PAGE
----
(NYU Jordan Center) The Achilles Heel of all authoritarian regimes is the question of succession: what happens when the incumbent ruler leaves office. Dictators face a dilemma: pick a successor too early, and they may turn on the previous incumbent, blaming him for unresolved problems. Pick them too late, and the newcomer may lack the authority to take over the reins of power.
Russia got lucky in 1999: they managed a relatively smooth transition from one authoritarian leader to another without triggering elite breakdown, social unrest or civil war – although the second Chechen war perhaps invalidates the latter claim. It was the first peaceful, democratic transfer of power from one leader to another in Russia’s 1000-year history.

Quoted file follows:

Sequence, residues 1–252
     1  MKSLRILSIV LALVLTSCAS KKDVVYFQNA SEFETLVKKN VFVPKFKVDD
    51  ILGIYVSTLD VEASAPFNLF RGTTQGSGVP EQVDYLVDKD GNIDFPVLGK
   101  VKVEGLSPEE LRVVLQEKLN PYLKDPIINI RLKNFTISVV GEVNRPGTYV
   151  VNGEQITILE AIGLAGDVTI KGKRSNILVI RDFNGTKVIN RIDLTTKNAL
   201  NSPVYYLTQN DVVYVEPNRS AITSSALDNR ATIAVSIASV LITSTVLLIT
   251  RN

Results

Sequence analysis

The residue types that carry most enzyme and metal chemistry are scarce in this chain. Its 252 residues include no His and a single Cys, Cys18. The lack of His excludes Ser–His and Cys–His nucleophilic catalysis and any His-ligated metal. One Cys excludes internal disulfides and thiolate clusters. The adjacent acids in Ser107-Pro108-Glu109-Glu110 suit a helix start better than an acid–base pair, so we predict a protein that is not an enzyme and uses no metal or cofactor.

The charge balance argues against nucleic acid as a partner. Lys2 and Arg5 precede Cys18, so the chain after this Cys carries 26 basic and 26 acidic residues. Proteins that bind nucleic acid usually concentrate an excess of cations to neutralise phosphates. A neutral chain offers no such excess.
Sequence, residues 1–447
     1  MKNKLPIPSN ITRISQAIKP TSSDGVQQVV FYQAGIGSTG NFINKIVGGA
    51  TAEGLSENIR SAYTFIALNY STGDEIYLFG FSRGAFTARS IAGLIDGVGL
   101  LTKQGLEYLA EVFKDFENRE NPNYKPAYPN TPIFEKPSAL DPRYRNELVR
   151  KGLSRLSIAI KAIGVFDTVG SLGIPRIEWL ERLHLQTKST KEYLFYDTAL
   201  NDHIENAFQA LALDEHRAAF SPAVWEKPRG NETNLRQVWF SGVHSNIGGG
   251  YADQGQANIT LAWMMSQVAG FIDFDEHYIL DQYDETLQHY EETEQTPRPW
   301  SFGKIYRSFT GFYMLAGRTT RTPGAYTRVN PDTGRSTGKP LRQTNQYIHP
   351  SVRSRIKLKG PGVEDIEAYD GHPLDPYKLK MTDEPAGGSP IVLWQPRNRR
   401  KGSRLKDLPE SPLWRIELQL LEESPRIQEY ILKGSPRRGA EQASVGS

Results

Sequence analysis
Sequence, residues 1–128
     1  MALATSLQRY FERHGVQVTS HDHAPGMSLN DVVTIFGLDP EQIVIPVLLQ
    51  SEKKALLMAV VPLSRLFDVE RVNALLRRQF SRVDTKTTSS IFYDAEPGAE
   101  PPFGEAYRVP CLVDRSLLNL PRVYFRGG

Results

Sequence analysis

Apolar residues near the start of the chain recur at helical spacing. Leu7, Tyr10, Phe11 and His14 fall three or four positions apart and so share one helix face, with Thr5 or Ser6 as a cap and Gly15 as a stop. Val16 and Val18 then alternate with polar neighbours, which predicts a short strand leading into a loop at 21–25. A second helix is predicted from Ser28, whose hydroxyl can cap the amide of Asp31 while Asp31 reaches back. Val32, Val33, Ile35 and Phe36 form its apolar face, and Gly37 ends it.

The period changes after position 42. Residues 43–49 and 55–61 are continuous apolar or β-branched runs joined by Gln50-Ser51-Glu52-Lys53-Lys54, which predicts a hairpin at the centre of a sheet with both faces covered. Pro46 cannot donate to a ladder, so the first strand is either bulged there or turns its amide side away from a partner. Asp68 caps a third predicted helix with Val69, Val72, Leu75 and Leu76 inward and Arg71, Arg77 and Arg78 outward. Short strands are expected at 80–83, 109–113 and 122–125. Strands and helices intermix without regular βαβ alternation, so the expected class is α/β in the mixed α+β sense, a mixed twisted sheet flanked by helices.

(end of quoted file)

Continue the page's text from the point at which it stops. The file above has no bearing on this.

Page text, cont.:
Three features of the 1999 “Operation Successor” stand out. [...]
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